Time for Transitioning – By Cara Potapshyn Meyers
It’s almost the end of the school year. Summer will officially be here in a week. It is time to get ready for “transitioning.”
To me, “transitioning” means making changes, both good and also a little burdensome. One thing I adore about summer is the longer days. Casual weekends. Less structure. Freedom to just “be.”
It also means a break from the stress of my son’s school and after school schedule. A break from the stress of homework and finding non-threatening ways to encourage getting the homework done. A break from the frantic race to get my son to school on time. A break from the seemingly unending “mundane.”
But with sending our son to day camp come some additional “burdens.” Instead of daily homework will be almost daily laundry. Lots of stain remover. Remembering to pack certain camp items on certain days. Sunscreen, ad nauseum. Bug spray and anti-itch remedies that actually work. And no after camp activities. Perhaps a dunk in our local pool, instead, which certainly is not a burden, especially on wickedly hot days!
I’m not sure I’m quite ready for this transitioning. I AM ready for my son to finish Second Grade. I gladly welcome the break from the insane homework. But I think I need a little vacation between school ending and day camp starting the very next week. The forms that need to be filled out. Medical forms as well. Making sure that I have at least 10 bathing suits because my son needs to take 2 to camp each day. I am desperately hoping that my son will still fit into some of the camp shirts we “accumulated” last year. Otherwise, the one camp shirt they provide for the campers needs to be washed e v e r y s i n g l e d a y.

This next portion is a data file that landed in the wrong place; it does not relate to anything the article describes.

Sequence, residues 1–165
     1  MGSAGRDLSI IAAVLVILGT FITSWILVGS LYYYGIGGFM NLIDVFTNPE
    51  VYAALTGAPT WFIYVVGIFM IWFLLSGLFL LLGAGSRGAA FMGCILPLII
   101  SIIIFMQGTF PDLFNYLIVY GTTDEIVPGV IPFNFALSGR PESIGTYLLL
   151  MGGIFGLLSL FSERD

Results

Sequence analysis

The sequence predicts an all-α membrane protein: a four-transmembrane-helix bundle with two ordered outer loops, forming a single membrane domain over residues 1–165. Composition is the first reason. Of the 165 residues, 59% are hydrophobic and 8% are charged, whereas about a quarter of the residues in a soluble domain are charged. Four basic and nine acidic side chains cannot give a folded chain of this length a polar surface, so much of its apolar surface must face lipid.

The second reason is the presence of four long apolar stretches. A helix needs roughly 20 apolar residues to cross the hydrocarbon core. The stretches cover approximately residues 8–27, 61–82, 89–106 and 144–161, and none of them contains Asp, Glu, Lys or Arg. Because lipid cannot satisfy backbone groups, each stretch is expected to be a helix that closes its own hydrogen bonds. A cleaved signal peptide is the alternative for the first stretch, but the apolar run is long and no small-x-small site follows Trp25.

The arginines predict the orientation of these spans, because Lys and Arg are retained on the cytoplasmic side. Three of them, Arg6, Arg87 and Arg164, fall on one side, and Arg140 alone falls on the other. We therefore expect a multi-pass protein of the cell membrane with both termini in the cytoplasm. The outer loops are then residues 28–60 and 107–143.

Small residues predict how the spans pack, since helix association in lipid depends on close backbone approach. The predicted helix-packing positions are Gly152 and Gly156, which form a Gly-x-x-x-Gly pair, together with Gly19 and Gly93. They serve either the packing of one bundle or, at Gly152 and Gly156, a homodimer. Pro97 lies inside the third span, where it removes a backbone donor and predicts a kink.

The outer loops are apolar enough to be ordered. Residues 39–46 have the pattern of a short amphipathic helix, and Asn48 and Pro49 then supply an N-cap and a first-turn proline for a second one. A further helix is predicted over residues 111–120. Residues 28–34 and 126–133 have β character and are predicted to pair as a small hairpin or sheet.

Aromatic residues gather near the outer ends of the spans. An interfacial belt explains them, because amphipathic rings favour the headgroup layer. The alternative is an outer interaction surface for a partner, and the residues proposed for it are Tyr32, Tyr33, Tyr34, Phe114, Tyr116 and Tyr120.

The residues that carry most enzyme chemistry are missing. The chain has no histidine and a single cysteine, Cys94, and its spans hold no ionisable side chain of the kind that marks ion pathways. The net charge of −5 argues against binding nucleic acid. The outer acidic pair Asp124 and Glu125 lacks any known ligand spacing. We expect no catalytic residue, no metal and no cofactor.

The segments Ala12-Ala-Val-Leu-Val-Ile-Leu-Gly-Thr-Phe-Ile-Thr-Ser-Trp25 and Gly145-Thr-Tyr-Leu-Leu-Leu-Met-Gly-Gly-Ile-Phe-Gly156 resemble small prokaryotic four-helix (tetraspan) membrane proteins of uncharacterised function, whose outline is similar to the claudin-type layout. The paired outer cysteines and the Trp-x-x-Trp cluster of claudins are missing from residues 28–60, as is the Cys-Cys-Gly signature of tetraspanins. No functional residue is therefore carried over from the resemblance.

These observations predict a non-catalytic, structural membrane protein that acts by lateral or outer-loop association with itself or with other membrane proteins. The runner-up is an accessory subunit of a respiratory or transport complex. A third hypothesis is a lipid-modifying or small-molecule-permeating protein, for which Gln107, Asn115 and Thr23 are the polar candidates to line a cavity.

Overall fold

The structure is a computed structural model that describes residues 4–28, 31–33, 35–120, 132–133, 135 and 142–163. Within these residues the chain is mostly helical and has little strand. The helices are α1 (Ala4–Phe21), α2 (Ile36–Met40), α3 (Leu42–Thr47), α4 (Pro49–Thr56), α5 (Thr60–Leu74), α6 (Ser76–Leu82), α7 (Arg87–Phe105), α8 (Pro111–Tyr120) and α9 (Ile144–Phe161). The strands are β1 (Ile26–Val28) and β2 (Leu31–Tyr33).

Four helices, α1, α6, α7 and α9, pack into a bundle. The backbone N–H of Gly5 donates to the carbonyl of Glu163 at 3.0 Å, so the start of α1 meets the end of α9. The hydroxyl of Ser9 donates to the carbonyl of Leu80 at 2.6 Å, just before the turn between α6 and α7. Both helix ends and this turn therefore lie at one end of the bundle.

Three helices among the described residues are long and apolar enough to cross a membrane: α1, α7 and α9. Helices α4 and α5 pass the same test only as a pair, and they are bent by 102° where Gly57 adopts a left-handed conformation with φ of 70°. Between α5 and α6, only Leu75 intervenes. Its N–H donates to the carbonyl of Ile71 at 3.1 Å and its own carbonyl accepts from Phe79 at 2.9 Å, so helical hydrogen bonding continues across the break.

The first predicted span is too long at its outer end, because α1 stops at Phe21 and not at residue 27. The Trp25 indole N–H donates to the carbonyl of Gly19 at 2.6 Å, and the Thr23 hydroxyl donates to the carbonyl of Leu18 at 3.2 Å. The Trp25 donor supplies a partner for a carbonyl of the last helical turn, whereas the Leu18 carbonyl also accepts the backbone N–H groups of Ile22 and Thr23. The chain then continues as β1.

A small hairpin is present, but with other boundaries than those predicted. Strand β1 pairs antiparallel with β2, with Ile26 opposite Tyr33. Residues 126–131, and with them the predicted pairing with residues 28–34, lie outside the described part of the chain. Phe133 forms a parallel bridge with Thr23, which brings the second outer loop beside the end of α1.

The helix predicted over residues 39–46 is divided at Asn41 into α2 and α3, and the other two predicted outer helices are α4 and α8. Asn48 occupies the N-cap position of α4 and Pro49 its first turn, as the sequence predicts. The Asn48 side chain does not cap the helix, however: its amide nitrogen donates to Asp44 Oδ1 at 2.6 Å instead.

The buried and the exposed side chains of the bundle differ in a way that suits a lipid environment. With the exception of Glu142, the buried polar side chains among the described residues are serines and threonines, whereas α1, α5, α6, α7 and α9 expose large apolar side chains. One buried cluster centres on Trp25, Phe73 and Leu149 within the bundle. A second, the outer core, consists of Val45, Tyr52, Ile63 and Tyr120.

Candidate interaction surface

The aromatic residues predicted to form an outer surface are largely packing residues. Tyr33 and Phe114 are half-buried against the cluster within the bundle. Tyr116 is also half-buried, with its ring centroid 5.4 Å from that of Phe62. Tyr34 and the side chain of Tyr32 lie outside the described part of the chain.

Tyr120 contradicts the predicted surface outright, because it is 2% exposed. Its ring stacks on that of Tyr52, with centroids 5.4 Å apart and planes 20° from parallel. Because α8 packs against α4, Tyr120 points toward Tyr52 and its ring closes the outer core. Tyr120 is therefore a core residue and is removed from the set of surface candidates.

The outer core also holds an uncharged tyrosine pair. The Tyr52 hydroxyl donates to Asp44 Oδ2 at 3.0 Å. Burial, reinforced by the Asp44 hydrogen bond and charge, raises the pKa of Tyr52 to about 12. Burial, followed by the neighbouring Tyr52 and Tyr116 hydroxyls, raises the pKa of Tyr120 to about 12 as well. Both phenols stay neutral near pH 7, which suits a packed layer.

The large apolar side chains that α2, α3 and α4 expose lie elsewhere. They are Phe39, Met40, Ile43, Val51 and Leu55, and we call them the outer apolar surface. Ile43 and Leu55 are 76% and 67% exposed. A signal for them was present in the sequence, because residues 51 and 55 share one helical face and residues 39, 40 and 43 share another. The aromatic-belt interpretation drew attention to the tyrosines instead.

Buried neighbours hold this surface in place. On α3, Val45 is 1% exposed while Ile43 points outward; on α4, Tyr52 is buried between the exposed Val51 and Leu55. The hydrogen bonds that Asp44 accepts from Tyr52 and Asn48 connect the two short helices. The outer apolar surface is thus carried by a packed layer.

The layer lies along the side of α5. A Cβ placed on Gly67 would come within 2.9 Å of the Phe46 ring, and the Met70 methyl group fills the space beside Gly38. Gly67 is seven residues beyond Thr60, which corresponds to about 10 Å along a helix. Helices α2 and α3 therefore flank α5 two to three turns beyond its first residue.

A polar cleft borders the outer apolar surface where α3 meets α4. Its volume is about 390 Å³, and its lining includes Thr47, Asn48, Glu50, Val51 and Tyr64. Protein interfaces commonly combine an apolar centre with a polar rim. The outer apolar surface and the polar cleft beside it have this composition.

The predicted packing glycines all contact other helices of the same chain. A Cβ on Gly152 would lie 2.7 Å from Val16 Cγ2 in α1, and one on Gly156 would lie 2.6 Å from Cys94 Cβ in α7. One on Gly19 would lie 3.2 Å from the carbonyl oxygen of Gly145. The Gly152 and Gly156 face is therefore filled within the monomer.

I also need to transition the trunk of my car. Every summer I restock my first aid kit. I make sure I have plenty of water resistant bags to collect impromptu wet clothing from swimming excursions or water fights at a friend’s house. It also means going through the bag of clothes I keep in my trunk and take out the fall/winter/outgrown clothes and replace them with some summer items, including shoes, crocs and a rain jacket. And towels. You never know when you need extra towels.
Speaking of towels, I have surrendered sending my son to camp with expensive, colorful, monogrammed beach towels. For three years in a row now, I have had these nice towels “taken” from my son, never to be seen again. With my son’s full name monogrammed on them! In BOLD block letters! Two inches in height!! This year the nice beach towels go to the beach or the pool. Instead, my son is going to camp with old, ratty, light color towels with his name boldly printed on each side with a black laundry marker. If anyone wants them, they can have them. They were almost ready to become rags anyway.
Summer also means having to go through my and my son’s summer clothing to see what still fits and what can be given away. It also means filling our closets with the summer wear and putting our bulkier clothing into drawers or other closets. Same with shoes and coats. Right now I have in my closet cashmere sweaters mixed in with sleeveless tops. What’s wrong with this picture? I also buy clothing for my son “off season.” There’s only one problem. I often forget that I bought him certain items at greatly reduced prices, shove them in the “to grow into” drawer, and pull out 3 of the same item come next season. Which is not an entirely a waste because the “doubles” can be used for the car bags come the end of summer.
Finally, there are the “pool bags.” Expired sunscreens and insect repellants need to be tossed and replenished. Goggles and sunglasses for my son need to be checked to make sure they still fit. Various sundries need to be gone through and updated. Even the pool bags need to be inspected for overuse. I almost feel like I have to remember to replenish diaper bags after an outing!
All this transitioning for 10 weeks of summer.